Or maybe the conditions are to be applied in different ways. So for example if you don;t meet condition 5 (shooting all the deer) then you wouldn’t have to meet any of the other conditions because it’s not hunting – but if you DO meet condition 5 then you must meet all the other conditions.

    It’s a very badly drafted piece of legislation. It really beggars belief that it is so appallingly bad.

  18. Shooting the deer clearly would be a gross injustice so it’s clearly justified for me not to shoot them.

  19. “If that we’re the case, why did Giles have such strong links with the Countryside Alliance” I don’t have strong links with the countryside alliance I am friendly with one person there who agrees that I should no have to shoot the Deer I use my pet dog to flush

    Breaking the hunting act is my human right

  20. 99% of the messages I posted we’re challenging the hunting act. I was the subject of a hit job by a high profile person and his dodgy contacts in Herts police.

    They hate me flouting the hunting act but they know they can’t stop me doing that.

    Lies were spouted from the witness stand. That is a far worse crime .

    Breaking the hunting act openly helps fight insistent bigoted fascists at the heart of the legal system.

    @&£& them and £)&@ their tawdry bigoted law. I will never comply with the hunting act.

  21. No police officer would dream of prosecuting me for breaking the hunting act so just forget it

  22. Excellent.

    The principle difference between drag hunting and trail hunting, is that hounds trained for drag hunting won’t follow Fox or other animal trails, because the scent is no an animal scent, but something like aniseed. Whereas so called “trail hunts” use animal urine trails such as Fox urine, so that if they pick up the trail of an actual Fox, they will follow that. This is quite deliberate. The hunts know that if they trained their hounds only to follow non-animal scents, that they wouldn’t follow Foxes and would soon become useless for Fox hunting/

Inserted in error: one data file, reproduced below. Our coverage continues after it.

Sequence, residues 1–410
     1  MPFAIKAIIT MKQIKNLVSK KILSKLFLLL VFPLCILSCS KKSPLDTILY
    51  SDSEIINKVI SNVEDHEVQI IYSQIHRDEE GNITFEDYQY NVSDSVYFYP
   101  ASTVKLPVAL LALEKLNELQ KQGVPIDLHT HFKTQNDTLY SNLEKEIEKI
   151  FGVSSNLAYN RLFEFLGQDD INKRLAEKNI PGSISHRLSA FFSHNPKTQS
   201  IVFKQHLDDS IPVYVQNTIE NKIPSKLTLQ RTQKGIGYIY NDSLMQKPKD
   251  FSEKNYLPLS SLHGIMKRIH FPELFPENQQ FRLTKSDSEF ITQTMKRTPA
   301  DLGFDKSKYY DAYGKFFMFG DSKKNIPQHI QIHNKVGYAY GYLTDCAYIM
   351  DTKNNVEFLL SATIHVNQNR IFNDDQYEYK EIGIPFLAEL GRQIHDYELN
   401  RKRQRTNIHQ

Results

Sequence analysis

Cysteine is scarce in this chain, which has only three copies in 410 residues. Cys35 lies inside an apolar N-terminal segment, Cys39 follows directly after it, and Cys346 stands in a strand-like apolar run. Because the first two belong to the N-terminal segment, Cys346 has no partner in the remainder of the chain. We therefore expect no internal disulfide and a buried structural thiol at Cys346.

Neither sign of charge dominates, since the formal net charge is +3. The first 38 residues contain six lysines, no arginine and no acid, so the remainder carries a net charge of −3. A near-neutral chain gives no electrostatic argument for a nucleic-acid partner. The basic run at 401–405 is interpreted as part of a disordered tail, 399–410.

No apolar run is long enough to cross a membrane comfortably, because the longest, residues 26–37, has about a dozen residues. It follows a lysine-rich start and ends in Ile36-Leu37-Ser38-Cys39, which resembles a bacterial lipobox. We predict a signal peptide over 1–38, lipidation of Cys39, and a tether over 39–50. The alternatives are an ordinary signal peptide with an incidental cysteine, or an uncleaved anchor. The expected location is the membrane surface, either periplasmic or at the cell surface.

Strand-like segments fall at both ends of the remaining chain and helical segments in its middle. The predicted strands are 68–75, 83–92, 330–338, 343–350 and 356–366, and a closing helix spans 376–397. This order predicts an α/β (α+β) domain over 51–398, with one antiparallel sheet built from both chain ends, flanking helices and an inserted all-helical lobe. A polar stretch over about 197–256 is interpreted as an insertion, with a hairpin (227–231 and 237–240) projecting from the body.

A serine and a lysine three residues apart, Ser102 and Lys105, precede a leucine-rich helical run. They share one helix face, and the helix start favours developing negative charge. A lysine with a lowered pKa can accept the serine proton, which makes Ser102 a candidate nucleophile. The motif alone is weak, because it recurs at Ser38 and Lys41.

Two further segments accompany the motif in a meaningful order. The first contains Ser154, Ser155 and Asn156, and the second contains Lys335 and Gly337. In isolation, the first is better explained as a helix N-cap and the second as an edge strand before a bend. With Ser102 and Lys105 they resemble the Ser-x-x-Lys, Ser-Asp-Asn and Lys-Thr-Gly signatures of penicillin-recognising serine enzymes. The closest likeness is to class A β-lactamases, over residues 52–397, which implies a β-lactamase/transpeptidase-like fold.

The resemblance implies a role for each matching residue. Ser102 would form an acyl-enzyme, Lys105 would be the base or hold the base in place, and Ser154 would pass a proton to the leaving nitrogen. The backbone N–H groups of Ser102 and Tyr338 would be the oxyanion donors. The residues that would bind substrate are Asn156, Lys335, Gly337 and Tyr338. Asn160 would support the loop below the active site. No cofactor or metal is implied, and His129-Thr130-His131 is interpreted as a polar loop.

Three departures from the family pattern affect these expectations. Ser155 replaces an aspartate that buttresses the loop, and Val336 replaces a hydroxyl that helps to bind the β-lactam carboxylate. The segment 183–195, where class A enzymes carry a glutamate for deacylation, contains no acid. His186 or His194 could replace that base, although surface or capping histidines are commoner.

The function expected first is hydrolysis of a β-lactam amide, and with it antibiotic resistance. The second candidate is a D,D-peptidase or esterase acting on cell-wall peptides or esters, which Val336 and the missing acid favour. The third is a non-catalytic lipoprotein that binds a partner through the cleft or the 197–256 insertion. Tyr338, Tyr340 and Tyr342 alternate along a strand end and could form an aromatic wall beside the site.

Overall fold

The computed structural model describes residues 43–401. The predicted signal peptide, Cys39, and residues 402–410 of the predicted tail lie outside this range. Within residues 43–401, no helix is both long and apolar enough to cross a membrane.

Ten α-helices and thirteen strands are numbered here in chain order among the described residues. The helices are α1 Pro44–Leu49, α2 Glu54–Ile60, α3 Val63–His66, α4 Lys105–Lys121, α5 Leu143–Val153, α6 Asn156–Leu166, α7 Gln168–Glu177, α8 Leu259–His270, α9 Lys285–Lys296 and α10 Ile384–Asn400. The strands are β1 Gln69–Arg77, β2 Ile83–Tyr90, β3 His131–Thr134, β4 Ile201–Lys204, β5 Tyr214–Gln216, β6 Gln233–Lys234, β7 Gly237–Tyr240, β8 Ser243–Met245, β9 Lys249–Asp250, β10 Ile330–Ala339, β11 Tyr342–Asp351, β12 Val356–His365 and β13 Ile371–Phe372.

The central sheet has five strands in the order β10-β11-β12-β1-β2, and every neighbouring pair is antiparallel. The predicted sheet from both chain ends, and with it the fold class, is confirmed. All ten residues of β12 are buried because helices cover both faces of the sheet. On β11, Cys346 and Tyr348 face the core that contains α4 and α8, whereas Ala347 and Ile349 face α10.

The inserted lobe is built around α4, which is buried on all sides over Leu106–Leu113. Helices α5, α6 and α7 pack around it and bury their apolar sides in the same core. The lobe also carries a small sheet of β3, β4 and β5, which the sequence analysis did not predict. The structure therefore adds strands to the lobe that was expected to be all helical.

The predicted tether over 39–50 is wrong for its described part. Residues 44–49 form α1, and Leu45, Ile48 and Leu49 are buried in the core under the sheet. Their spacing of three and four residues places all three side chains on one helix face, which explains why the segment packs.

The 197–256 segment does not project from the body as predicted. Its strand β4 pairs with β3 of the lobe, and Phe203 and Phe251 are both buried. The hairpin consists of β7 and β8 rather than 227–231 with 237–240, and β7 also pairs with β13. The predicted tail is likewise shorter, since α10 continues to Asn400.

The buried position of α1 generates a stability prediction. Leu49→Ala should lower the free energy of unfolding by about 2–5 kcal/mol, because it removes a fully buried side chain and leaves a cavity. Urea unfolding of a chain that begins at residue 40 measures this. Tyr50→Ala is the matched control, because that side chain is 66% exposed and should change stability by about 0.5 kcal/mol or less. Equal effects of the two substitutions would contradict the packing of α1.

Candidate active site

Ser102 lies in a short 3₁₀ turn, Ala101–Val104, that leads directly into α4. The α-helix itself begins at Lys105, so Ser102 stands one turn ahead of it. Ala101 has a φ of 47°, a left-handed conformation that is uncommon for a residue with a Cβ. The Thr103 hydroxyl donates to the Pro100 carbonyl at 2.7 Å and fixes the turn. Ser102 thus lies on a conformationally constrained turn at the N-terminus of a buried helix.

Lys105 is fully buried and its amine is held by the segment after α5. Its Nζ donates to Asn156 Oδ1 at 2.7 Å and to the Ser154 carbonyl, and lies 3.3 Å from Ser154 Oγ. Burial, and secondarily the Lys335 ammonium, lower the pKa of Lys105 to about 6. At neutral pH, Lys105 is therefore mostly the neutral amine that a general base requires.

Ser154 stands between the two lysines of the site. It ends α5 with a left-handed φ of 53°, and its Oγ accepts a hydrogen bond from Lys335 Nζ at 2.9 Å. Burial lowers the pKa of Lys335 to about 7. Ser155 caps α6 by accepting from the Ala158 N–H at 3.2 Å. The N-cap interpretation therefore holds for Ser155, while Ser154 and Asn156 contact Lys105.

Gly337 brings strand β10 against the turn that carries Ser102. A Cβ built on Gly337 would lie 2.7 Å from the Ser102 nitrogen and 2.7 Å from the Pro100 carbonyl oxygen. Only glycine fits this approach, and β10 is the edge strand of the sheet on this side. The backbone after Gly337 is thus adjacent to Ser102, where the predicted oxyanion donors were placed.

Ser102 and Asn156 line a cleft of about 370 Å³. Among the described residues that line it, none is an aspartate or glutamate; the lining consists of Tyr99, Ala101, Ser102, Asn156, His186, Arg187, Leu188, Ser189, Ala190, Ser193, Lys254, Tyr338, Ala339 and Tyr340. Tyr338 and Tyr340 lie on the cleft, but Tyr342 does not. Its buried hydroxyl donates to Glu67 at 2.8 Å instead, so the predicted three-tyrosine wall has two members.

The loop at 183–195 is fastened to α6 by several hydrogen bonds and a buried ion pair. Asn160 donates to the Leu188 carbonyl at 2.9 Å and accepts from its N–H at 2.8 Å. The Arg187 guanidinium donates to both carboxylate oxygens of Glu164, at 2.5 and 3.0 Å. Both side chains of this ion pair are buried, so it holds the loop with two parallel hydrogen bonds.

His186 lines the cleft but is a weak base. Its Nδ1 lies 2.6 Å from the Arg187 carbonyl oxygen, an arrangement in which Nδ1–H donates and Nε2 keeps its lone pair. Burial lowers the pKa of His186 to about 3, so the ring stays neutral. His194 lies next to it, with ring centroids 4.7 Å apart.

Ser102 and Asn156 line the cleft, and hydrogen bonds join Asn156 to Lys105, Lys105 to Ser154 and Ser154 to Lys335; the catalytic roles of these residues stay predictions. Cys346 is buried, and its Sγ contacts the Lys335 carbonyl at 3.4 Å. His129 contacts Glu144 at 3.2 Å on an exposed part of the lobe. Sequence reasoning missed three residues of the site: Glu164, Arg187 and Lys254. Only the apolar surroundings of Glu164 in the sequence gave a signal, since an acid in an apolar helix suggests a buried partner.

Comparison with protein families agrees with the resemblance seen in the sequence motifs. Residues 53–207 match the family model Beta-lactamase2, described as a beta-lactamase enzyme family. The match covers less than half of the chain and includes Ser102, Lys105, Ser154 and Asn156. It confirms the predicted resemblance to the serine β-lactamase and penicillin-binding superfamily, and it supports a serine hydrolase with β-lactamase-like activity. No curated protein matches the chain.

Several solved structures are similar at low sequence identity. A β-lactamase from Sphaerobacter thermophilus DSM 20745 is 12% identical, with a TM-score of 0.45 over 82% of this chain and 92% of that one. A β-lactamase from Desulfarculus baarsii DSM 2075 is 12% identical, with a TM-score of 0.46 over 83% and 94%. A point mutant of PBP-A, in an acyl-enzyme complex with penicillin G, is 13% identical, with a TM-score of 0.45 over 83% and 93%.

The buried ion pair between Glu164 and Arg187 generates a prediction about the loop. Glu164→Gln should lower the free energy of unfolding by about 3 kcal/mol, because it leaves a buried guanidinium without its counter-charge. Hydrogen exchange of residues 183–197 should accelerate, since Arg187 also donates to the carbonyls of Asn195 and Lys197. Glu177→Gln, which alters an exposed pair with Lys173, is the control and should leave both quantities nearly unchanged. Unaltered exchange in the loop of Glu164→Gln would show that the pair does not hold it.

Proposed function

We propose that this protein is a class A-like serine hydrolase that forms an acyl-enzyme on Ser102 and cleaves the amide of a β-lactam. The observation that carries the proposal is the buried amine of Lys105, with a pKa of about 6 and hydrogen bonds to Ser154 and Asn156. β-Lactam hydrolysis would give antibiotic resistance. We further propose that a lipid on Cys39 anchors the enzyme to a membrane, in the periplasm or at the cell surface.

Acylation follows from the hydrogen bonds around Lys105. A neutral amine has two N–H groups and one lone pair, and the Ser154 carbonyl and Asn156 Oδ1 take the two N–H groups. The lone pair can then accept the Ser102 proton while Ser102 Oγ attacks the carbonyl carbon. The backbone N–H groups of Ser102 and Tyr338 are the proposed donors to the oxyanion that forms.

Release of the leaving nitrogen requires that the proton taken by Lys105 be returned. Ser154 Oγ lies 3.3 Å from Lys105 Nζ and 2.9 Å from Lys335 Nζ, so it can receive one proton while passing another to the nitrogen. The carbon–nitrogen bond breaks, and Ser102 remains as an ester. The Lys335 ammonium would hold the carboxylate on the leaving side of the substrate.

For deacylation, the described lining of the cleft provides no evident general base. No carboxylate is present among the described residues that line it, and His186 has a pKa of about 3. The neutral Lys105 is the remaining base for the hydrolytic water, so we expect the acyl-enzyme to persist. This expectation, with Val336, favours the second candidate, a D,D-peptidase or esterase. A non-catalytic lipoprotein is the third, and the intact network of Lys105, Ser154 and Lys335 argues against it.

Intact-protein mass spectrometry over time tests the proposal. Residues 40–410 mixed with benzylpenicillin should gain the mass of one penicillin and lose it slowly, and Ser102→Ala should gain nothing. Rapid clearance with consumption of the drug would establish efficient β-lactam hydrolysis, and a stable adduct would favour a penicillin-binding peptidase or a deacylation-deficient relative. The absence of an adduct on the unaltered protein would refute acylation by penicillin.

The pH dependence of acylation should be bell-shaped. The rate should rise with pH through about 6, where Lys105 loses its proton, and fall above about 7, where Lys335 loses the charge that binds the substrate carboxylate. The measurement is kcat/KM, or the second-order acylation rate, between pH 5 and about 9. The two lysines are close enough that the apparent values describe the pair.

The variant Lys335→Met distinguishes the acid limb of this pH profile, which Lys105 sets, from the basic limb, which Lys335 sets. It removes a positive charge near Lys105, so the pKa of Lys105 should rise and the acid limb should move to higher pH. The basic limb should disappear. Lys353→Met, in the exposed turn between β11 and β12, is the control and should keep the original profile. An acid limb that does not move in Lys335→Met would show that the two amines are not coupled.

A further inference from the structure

Trail hunting is purely a legalistic contrivance to hunt illegally. Most of those taking part in hunts don’t pretend otherwise. It’s only to the FC, NT, the police etc, that they use this contrivance. It is highly likely in many, or perhaps most cases, that the hunt have not actually laid down a trail, they just say they have to justify and legalize what they’re doing.

    In other words, it is highly likely that “trail hunting” is not really a thing at all. In other words, no hunt who is pretending to go trail hunting is in fact trying to follow a trail, and their aim is to hunt Foxes. They will then claim that they didn’t know the hounds were following a real Fox, and didn’t notice when their hounds caught and killed a Fox until too late. In other words, the whole contrivance is disingenuous. It was like those so called legal high drugs which used to be sold in shops with the warning “not for human consumption”, when the shops knew very well that the people buying them were intending to use them. However, as long as they could pretend to the contrary the law was circumvented.